What is Uveitis
Uveitis is the inflammation of the uvea, the pigmented layer that lies between the inner retina and the outer fibrous layer composed of the sclera and cornea.
Uvea has 3 main parts:
The iris is the coloured part of the front of the eye, and its central aperture is called the pupil. Inflammation of the iris is called iritis.
The ciliary body is a ring of muscle, which lies behind the iris. Inflammation of the ciliary body is called cyclitis. The iris and ciliary body are often inflamed together (iridocyclitis).
The choroid lines the inside of the back of the eye, and supplies blood for the retina, the light-sensitive film of the eye, which form images. The retina is often involved in inflammations of the choroid. These inflammations are called choroiditis and retinitis.
Uveitis is classified anatomically into anterior, intermediate, posterior, and panuveitis based on the part of the eye primarily affected.
Uveitis can be acute (starting suddenly and going away within weeks) or chronic (coming on gradually and lasting for months or more). Acute uveitis is sometimes recurrent.
Uveitis can lead to secondary problems in the eye such as the lens of the eye becoming opaque called cataract, and the pressure of the eye going up called glaucoma.
Causes of Uveitis
Uveitis has many possible causes and may be linked to inflammations elsewhere in the body, but in many people, the cause is not found. Some of the common causes of uveitis are as follows:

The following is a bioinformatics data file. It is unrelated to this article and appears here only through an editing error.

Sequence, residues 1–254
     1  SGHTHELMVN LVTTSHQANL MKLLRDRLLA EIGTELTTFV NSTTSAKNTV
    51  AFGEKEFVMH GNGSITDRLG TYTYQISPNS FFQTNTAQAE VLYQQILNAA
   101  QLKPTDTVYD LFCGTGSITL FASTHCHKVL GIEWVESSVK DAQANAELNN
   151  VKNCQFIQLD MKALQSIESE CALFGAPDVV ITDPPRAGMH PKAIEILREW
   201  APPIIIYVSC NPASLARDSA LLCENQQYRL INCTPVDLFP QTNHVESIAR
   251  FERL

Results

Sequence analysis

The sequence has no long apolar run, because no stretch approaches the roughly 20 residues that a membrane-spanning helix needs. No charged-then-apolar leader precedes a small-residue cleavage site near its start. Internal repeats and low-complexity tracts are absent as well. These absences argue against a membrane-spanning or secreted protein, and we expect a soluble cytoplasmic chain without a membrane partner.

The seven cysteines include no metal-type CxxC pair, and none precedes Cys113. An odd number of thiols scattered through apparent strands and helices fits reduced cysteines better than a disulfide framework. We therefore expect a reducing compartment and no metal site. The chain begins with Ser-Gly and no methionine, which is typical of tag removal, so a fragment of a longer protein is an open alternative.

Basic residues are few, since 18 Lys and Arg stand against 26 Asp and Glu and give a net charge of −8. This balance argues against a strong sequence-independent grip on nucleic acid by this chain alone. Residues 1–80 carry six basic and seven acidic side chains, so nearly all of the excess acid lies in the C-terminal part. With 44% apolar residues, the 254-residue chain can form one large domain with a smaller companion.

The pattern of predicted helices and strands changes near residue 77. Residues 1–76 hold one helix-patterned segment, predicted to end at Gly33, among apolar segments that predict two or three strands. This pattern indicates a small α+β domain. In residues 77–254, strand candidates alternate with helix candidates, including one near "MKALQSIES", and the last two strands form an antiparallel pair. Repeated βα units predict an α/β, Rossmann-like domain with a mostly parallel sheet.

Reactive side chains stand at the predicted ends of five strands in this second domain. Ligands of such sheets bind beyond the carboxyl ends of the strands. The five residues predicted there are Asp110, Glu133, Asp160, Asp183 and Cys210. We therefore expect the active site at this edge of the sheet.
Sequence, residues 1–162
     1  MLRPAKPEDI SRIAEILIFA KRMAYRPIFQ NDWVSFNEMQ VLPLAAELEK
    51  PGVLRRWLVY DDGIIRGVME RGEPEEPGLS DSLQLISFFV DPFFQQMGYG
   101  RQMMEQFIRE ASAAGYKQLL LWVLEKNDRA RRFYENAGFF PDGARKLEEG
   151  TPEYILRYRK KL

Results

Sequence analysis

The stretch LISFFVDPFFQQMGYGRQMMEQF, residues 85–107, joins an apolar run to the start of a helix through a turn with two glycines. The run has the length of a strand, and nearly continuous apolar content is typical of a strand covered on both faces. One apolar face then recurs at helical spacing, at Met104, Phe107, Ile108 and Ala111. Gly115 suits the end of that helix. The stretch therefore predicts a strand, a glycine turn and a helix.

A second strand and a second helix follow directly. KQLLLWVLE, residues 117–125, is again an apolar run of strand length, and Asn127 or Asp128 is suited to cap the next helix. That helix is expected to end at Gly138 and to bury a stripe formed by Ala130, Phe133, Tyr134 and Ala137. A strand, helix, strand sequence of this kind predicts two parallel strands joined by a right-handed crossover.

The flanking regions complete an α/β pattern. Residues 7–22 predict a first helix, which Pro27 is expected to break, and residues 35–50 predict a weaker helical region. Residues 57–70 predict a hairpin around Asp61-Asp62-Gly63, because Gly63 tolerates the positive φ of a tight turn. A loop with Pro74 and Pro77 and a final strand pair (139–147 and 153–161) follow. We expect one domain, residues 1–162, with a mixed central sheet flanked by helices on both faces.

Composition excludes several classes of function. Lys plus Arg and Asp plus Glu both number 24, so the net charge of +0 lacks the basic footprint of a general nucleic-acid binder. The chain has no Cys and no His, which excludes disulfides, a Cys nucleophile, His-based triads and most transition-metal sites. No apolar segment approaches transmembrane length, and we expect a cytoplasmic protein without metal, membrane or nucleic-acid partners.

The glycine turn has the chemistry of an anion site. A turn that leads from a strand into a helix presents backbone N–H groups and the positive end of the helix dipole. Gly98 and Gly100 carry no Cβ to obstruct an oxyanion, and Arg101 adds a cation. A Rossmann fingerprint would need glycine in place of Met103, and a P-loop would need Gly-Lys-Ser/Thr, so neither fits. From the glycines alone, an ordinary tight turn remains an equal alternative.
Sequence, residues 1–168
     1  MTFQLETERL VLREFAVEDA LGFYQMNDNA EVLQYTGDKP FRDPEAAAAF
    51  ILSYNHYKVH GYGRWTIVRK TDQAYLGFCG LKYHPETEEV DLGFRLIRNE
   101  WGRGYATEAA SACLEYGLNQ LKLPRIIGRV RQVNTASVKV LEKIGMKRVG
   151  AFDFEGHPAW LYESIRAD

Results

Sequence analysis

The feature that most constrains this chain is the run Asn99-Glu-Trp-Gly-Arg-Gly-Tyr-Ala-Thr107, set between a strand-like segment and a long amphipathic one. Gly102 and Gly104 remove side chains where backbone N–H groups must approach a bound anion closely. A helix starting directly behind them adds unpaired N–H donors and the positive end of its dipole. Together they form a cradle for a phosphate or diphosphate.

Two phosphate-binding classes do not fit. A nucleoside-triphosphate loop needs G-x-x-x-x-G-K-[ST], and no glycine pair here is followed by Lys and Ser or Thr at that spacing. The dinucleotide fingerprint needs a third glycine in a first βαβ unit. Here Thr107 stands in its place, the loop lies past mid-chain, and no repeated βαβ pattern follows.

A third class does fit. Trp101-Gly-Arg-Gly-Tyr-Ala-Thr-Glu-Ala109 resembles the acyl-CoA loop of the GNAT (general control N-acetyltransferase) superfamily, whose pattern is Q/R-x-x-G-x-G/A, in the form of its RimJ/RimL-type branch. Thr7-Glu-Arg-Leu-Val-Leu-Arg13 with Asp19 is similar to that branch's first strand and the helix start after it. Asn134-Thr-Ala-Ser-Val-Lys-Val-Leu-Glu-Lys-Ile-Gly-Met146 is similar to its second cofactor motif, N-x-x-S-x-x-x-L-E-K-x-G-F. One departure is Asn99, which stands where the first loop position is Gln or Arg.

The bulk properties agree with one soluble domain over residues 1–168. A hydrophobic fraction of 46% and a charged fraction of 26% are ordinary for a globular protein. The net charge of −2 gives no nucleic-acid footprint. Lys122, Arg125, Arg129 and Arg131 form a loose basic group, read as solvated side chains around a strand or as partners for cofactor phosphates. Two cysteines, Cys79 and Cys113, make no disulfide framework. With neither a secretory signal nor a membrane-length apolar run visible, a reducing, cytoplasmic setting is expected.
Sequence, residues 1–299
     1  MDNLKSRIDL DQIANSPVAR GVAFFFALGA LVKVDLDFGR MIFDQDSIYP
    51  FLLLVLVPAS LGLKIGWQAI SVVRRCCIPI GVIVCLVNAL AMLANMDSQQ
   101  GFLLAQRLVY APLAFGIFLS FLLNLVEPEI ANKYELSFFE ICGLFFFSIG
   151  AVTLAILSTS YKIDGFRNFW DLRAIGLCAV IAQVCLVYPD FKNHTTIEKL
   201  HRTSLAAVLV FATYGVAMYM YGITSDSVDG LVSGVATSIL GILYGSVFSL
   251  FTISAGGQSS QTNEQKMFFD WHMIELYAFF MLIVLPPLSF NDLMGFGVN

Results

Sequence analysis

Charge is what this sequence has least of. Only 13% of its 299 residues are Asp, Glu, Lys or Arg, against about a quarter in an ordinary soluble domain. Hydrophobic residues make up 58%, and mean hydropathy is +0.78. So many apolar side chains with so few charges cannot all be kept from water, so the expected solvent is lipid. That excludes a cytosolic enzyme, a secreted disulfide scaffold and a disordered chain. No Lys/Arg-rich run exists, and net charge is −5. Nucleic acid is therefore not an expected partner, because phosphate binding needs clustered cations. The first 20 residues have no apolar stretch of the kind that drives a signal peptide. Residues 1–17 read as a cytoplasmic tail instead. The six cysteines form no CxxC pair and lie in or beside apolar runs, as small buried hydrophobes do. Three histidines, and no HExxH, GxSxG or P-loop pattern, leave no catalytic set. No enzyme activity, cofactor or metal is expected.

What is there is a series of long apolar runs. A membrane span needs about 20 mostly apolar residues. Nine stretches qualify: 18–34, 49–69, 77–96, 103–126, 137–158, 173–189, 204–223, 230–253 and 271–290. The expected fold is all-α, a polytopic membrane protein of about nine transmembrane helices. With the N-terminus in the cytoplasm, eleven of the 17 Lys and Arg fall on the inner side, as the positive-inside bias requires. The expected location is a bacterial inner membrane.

The immune system in our body protects us against foreign bodies like bacteria or viruses. In autoimmune disease a part of our body (self) is mistaken as foreign and attacked by its own immune system. The result is inflammation, which can involve the eye and cause uveitis.
Uncommonly infections may cause uveitis.
This includes some form of eye injury and / or eye surgery.
Rarely malignancies either affecting the eye primarily or secondarily from other parts of the body can cause ocular inflammation.
Associated medical condition
Some patients will have a medical condition, associated with uveitis. eg: sarcoidosis, Behcet’s disease and ankylosing spondylitis.
This means no specific cause or association with other medical conditions can be found.
Symptoms of Uveitis
Anterior uveitis causes a painful red eye, made worse by bright light, whereas posterior uveitis is painless and causes visual blurring and floaters. If not treated optimally uveitis may cause permanent damage to vision.
Treatment of Uveitis
The treatment of uveitis depends on the type and severity of the disease. Uveitis is mostly treated with steroids, drugs that reduce inflammation. A few specific types of uveitis caused by infections are treated with specific antibiotics.
Steroids can be administered either as drops, injections around or into the eye or in the form of oral therapy in severe cases.
If the steroids alone cannot control the uveitis or if a high dose of steroid is needed to control the inflammation then a ‘second line’ immunosuppressant drug may be introduced. These medications require close monitoring, by a uveitis expert.
Uncommonly a surgery called vitrectomy may be needed to diagnose and sometimes treat severe forms of uveitis.